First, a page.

“It was one of the lowest moments in my career,” Gino said. “The three of us take our roles as teachers very seriously. We were really excited about the opportunity to teach this course, and so the feedback was quite hard to digest. We described it as failing students on a noble cause we were committed to. That created quite a remarkable pause, and we had to re-design the course in light of the feedback.”
The faculty worked closely with student education and DEI reps to evolve the fourth and final session of the course to incorporate more real-life inclusion scenarios, topical cases and smaller group conversations within sections.
“The feedback was good because it showed that the students are engaged, and that they care,” Gibson said. “The students leaned in. It highlighted care, concern and ownership that is necessary for folks we expect to go out and be leaders in organizations.”
Both Gino and Gibson highlighted that there were a few key areas where they felt the course failed to meet student expectations. The first area was around setting a shared definition of “inclusive leadership” and the goals of the course upfront.
“When we say inclusivity, people go to DEI,” Gibson said. “I can’t fault them. Most firms have leaned in high to DEI. We’re starting with the ‘I’ on purpose. If you are unable to create an inclusive environment where you can get the best out of all your team members, you’re not bringing true value to your firm. Everything starts with inclusivity. You have to start there.”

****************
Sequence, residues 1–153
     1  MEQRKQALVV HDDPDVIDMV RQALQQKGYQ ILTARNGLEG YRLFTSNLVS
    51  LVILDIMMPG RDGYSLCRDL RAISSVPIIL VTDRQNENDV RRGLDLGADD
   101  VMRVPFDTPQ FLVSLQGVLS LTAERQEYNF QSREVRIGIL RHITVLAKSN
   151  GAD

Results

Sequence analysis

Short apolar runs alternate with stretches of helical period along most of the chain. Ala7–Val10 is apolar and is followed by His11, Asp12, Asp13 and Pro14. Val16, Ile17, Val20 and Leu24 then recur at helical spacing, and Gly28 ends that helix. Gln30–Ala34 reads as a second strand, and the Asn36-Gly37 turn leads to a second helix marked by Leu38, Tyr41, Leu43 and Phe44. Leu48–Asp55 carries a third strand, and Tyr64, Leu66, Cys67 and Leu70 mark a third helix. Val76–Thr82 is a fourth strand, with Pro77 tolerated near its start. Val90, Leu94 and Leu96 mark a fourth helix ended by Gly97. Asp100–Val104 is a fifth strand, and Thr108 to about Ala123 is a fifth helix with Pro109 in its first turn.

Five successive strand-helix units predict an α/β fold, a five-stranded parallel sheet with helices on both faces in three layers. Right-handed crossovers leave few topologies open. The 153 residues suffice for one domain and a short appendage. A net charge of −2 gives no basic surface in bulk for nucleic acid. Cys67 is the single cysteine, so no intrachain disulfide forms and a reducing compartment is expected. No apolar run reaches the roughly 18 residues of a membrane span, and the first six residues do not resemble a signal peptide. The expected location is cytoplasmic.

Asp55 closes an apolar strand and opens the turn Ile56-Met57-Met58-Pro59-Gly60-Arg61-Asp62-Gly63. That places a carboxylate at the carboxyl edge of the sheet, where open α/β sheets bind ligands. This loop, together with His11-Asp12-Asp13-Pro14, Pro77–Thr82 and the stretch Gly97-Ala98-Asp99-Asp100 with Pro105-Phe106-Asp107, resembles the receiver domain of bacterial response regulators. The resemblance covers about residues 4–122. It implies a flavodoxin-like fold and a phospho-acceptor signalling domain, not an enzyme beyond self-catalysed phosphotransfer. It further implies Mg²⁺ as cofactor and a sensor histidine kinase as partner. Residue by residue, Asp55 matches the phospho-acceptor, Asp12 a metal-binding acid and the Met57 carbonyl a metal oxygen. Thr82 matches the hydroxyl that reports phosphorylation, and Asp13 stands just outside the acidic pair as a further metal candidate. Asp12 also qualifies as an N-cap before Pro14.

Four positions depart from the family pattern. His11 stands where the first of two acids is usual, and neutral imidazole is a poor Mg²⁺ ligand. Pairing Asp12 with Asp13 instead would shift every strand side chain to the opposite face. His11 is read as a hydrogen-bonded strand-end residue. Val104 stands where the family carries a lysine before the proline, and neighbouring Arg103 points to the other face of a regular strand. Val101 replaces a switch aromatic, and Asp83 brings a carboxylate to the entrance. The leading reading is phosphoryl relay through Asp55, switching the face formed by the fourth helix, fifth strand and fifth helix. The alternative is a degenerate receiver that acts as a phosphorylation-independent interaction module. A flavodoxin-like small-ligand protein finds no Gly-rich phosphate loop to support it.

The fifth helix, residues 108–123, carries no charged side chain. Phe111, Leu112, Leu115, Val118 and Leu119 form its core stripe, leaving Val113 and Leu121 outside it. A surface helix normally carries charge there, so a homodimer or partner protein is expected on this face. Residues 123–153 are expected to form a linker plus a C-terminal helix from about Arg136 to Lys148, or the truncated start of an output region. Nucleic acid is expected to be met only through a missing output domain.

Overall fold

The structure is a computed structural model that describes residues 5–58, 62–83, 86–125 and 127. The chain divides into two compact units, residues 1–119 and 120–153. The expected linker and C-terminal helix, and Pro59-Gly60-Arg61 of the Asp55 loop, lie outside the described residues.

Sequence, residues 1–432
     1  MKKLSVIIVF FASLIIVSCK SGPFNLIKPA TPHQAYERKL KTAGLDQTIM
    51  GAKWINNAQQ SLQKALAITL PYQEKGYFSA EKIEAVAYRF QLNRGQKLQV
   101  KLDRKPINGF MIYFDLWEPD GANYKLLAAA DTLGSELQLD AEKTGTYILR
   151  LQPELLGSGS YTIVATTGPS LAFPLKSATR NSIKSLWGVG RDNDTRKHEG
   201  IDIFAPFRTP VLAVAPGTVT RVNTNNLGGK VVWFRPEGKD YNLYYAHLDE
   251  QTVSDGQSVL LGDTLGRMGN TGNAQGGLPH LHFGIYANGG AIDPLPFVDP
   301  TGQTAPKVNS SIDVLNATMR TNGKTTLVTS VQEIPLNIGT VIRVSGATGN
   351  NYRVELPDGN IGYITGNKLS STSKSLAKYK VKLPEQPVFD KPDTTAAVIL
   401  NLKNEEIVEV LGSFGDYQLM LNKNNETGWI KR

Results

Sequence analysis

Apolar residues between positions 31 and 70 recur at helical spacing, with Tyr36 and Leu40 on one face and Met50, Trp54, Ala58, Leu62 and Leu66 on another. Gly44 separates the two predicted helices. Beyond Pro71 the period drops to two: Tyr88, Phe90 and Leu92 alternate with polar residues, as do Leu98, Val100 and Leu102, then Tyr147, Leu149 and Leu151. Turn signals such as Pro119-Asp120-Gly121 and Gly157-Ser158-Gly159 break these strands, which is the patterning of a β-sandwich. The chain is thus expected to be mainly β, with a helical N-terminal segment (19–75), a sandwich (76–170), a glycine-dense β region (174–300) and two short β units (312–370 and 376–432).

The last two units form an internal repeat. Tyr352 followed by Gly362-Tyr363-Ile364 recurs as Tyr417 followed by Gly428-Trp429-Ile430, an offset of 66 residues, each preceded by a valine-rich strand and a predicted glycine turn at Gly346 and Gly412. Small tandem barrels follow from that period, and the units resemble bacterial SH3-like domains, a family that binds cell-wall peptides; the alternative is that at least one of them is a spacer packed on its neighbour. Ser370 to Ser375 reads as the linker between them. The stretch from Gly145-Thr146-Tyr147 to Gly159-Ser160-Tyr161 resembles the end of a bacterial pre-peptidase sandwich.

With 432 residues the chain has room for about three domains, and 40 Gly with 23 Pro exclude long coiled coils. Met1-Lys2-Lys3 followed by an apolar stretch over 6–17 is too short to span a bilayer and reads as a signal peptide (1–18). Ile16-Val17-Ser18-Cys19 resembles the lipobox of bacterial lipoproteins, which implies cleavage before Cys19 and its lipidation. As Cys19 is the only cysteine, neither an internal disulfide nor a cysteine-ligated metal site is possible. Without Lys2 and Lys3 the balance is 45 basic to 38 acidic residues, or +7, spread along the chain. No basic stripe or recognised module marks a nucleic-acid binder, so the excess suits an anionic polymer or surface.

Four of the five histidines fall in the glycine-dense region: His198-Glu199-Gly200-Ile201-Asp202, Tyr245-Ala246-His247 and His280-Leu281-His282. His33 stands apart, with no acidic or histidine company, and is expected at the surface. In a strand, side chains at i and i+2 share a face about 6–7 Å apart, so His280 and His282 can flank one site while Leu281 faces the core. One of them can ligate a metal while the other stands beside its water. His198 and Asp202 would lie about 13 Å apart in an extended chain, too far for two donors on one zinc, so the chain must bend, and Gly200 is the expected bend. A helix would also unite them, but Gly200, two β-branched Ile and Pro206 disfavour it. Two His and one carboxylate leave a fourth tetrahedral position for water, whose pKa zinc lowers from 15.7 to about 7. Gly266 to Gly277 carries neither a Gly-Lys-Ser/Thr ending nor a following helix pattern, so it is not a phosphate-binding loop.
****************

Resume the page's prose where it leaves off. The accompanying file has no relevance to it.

“In a world where we’ve been isolated with lots of social justice issues, that has shaped the way we think about diversity, equity and inclusion,” Gino said. “Many students came into the course with a clear idea of what they expected, and we could’ve used the opportunity to ask for those expectations upfront and let people know which areas we planned to tackle in the course. We should have done that much more clearly.”
Gino also said that the faculty met with students before the course began, but that the conversations did not delve far enough into the learning objectives and specific case studies for the course. She said that embedding a younger person onto the teaching team throughout course development could have helped them avoid blind spots.
“It would’ve been beneficial for us to have a person in their 20s and MBA students challenge our thinking,” Gino said. “Hise is a person of color with a lot of experience in the military, Frances is gay and has experience working to fix the culture at many corporations, and I have the international, cultural perspective on how difference varies across countries. One aspect where I think we lacked diversity in a way that was hurtful to the course is age.”
Gino and Gibson said that despite the rocky start, the team is working to adjust the course for next year’s RC class. They aim to develop more Inclusive Leadership-specific cases, set clear expectations for the course upfront and continue to work with student leaders throughout the process.
“The key thing we can do now is create content specific to Inclusive Leadership that pull out key learnings,” Gibson said. “We’re working on cases with a broader group of protagonists to allow all students to see themselves in these leaders.”
Katherine Richardson (MBA ’23) is a current RC who grew up in Southern California. Before HBS, she worked for four years in brand strategy in New York City, working with companies spanning healthcare, CPG, food & bev, and luxury. In college, she spent four years as a reporter and editor at The Hoya, Georgetown University’s student paper, and is so excited to keep her passion for journalism and campus news alive at the Harbus.